British cinema-goers fall in love with Fellini's 'La Dolce Vita' all over again

The sight of a scantily clad Anita Ekberg splashing through the Trevi fountain in Rome conjured up a world of glamour and decadence that seduced cinema-goers and propelled the film's director to international fame.

Now Federico Fellini's stylish 1960 masterpiece, La Dolce Vita, is to be revived for a new generation after selling out at a film festival in London. The huge success of the National Film Theatre's Fellini retrospective this year, which saw hundreds of people turned away from packed screenings, prompted the film's UK distributors to produce a new print of the film for nationwide release from December.

La Dolce Vita is considered by many to be an all-time classic, defining a transition from the social realism of the 1950s and the breathless experimentalism of 1960s European cinema. It coined the word "paparazzo", for a sensation-seeking photojournalist, and brilliantly satirised the decadence of the glitzy, morally corrupt Roman society on which its main character - a young journalist played by Marcello Mastroianni - reports. It is a world in which alcohol and sex are the only values and suicide the only escape.

Nick James, editor of Sight and Sound magazine, said it had plenty of resonance in today's Britain: "In a world of Prince Harry and the paparazzi, this film works. There is a sense of decadence at the moment. Fellini captured a decadence of 40 years ago and we live in a world obsessed by glamour and celebrity.

"La Dolce Vita looks at the culture of Rome that the main character is wandering through and reveals it to be a constant party of surreal grotesques."

For Julie Pearce, who spent two years organising the Fellini season at the NFT, the film is a reminder of the golden age of cinema: "I think it's such a cool film. Most of Fellini's films have a glamour that is missing from a lot of contemporary films. They're like nothing around at the moment. They have a sense of escapism and they're really bold ... For bigger films like La Dolce Vita the queues were right out the door [at the retrospective]. People would turn up on spec even if they didn't book tickets and I even saw people crying here because they couldn't get in." The NFT Fellini season, organised with the Italian Cultural Institute in London, proved to be one of the most successful programmes in the NFT's 50-year history with more than 25,000 admissions.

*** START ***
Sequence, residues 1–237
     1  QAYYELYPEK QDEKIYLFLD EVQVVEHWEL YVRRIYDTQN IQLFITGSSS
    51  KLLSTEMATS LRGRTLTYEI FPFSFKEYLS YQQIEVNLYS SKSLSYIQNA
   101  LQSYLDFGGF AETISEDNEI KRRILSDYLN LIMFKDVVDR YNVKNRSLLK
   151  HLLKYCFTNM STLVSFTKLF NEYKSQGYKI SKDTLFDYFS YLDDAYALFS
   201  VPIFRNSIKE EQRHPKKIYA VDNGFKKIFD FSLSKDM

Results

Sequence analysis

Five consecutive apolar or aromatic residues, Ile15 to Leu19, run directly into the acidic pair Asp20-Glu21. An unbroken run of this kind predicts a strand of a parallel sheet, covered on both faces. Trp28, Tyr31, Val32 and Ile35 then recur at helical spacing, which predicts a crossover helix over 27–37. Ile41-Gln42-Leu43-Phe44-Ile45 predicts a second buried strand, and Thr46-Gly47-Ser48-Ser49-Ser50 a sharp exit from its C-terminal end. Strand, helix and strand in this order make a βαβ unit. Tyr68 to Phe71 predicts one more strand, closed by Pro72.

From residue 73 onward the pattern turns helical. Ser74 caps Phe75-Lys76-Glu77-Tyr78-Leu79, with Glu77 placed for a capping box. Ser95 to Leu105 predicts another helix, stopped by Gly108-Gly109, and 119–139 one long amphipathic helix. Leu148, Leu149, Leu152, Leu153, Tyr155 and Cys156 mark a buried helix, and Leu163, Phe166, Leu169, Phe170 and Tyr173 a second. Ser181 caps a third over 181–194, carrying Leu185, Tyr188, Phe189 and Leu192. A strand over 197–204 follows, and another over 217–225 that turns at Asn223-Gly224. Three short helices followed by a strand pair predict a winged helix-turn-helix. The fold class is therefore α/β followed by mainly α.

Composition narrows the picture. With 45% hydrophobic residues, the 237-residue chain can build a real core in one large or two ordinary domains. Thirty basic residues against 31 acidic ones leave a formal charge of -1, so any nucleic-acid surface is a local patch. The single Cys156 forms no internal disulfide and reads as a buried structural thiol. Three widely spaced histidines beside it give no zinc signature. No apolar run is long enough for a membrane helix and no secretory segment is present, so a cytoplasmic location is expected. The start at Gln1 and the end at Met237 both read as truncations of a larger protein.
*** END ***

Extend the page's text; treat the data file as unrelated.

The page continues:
Amanda Nevill, the BFI's director, said: "A whole new generation have seen Fellini on film for the first time, underlining the huge public appetite for classic cinema. "I am delighted that the BFI have helped ensure that the film can be distributed as widely as possible, bringing the genius and joy of Fellini to screens across the country."

The BFI has already produced a new print of another Fellini classic, I Vitelloni, which launched the two-month festival on 29 July at a special screening hosted by Anthony Minghella, the film director who is a Fellini fan and the BFI's chairman. I Vitelloni is also being screened during November and December in Plymouth, Bradford and Ipswich.

La Dolce Vita catapulted Fellini, already an arthouse name, to international fame when it was released in 1960. In the words of the NFT: "Almost overnight, the film's title became shorthand for stylish decadence and Marcello Mastroianni in his midnight shades an icon of cool."

But in recent years, in Britain, according to Mr James, Fellini has lost some of his cool. "His interest in theatricality has, in some people's eyes, tended to make him less influential but now I think he is coming back. His mixture of surrealism and realism and ability to mix and match styles and approaches is wonderful.

"There is an amazing flexibility, a mastery of the craft of cinema, of camera movement and music ... a wonderful mischievousness that perhaps you only see in someone like Almodovar nowadays.

"It is the film that most sums up the phrase Fellini-esque and Fellini is one of the few movie directors whose name is as big or bigger than the stars in his films. His cinema was the thing that was largely responsible for turning people on to European cinema," James said.

The new release, organised by the BFI in co-operation with UK rights holder Momentum Pictures, will be available for nationwide distribution, as well as additional screenings at the NFT, from December. Insiders believe it may be the biggest exposure that La Dolce Vita has had in this country in 30 years.